Educating Teachers about Modern Mining Methods
Educating Teachers about Modern Mining Methods
Twenty-three southern Ontario teachers donned hard hats, mucker boots and cap lamps this August for an underground tour of Goldcorp’s Porcupine Gold Mines (PGM) Dome mine, in an effort to unearth the real story behind mining. Their visit was part of the Teachers' Mining Tour, an educator professional development program hosted by the Canadian Ecology Centre.
This is the third year Goldcorp’s PGM has participated in the Teachers’ Mining Tour. “We wanted to give teachers the full picture of the vital role mining plays in modern life, the extent to which it can be sustainable, the skills it requires and opportunities available to students who are considering their career options,” stated Marc Lauzier, Vice President of Operational Support for Canada & U.S. Region at Goldcorp, and Chair of the Ontario Mining Association. “There’s a shortage of skilled professionals and tradespeople in the mining industry and a good portion of our current workforce is facing retirement. Teachers are the people who are going to engage and inspire young people about future career choices.”
As part of an intensive five-day tour of the Timmins area, participating elementary and secondary teachers got an up close and personal look at the mining industry which included workshops, sites visits to active mines including PGM and reclaimed sites.
The educators arrived at PGM at 7:30 a.m. for a safety briefing before being outfitted with safety gear and descending underground for a two-hour mine tour. The goal was for the tour to be as enriching and engaging as possible, giving the teachers a real sense of what it’s like to work underground and the environment the miners themselves work in.
Returning to the surface, PGM staff walked the teachers through the various careers available in mining, covering current and future workforce demands, career options, educational requirements, wages, Human Resources challenges, and how educators and industry can work together to groom the skilled workers of the future.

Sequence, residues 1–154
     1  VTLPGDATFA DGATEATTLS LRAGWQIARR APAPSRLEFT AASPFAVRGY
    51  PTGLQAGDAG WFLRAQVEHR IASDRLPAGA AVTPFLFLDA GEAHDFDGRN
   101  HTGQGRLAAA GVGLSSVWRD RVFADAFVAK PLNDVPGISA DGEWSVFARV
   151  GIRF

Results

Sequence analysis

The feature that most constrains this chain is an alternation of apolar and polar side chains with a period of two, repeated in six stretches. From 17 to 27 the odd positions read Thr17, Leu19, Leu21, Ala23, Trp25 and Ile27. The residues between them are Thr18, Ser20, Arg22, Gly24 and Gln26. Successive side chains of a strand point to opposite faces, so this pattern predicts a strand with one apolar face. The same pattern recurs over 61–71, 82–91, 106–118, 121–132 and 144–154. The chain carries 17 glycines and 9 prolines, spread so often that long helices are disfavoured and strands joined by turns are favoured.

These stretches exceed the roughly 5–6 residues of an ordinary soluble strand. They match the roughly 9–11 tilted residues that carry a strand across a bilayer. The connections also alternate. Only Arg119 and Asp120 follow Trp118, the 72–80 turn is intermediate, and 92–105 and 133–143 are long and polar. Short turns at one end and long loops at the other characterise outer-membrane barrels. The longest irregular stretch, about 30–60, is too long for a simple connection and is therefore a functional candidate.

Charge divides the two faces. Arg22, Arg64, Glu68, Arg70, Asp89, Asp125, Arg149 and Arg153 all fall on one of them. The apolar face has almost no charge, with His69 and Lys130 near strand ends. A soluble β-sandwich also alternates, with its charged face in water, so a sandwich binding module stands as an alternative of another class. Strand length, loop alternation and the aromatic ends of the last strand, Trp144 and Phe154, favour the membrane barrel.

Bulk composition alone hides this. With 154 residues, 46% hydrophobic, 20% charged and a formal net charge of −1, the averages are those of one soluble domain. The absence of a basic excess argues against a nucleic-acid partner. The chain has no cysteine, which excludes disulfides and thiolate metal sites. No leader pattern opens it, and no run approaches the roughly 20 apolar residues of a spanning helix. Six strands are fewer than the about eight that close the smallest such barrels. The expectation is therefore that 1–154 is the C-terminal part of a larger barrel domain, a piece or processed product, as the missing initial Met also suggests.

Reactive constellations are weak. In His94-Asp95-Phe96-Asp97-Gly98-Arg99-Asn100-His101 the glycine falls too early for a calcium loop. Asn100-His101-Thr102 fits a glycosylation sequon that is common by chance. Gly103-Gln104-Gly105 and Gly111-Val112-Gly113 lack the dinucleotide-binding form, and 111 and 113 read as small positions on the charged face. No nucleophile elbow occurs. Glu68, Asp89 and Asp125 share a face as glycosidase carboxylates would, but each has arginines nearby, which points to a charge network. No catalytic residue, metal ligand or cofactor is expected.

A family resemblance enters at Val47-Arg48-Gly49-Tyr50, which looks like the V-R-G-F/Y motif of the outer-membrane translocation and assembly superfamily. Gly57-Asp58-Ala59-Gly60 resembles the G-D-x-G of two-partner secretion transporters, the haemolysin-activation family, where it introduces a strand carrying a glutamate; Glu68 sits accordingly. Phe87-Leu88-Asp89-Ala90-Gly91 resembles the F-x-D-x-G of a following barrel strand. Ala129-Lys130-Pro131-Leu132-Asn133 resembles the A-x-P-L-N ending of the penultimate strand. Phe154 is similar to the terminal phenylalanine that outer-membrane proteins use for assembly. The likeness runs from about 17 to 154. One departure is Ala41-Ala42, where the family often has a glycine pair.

“The HR presentation is always a real eye opener for teachers, because most people aren’t necessarily aware of the diversity of career options available in the mining industry,” commented Lauzier.
For lunch, the tour group was invited to meet with local First Nations’ representatives and enjoy a traditional meal of fresh pickerel, moose and bannock at the mine’s indigenous site. “Nurturing and creating meaningful partnerships with First Nations communities is an integral part of our operation, which is why it’s important to involve community members in this program” said Lauzier. Last year, PGM signed a Resource Development Agreement with four First Nation communities in the Timmins area, establishing a framework for continued consultation on operations in the region and defining long-term benefits for the four communities.
Fittingly, the tour concluded with a visit to the Coniaurum and Hollinger Tailings Management Area reclamation sites, two legacy sites restored by Goldcorp. Teachers were shown before and after pictures of the reclamation and walked through the process of restoring the site to its natural state. First Nations involvement and insight is particularly important during the reclamation phase of the mining cycle given their intimate knowledge of the local environment, flora and fauna.
“The full mining cycle involves much more than exploration, extraction and milling,” stated Lauzier. “Many people don’t understand that returning the land to its natural state after mining is completed, in consultation with First Nations, is an important part of the mining process. We wanted the teachers to have a good understanding of how environmentally sustainable this industry really is.”
After the tour, PGM staff routinely receive letters and emails of appreciation from teachers, many who request additional information they can use in the classroom. One educator from Toronto wrote: “I was absolutely blown away by your commitment to safety, to your community, to the environment, and to the local First Nations. Congratulations on the fantastic work your company is doing towards land reclamation.”
“The teachers’ program is an important partnership initiative for Goldcorp,” agreed Lauzier. “Teachers become very engaged in mining during the tour. They take what they’ve learned back to the classroom and share that information with their students, who hopefully look at mining in a whole new light. In the long term, stronger ties to teachers will help our company grow sustainably by attracting new people to our industry.”
Today, October 5th, is UNESCO World Teachers Day. Did you have a teacher early in your education that has helped shape your career today? Share your stories with us.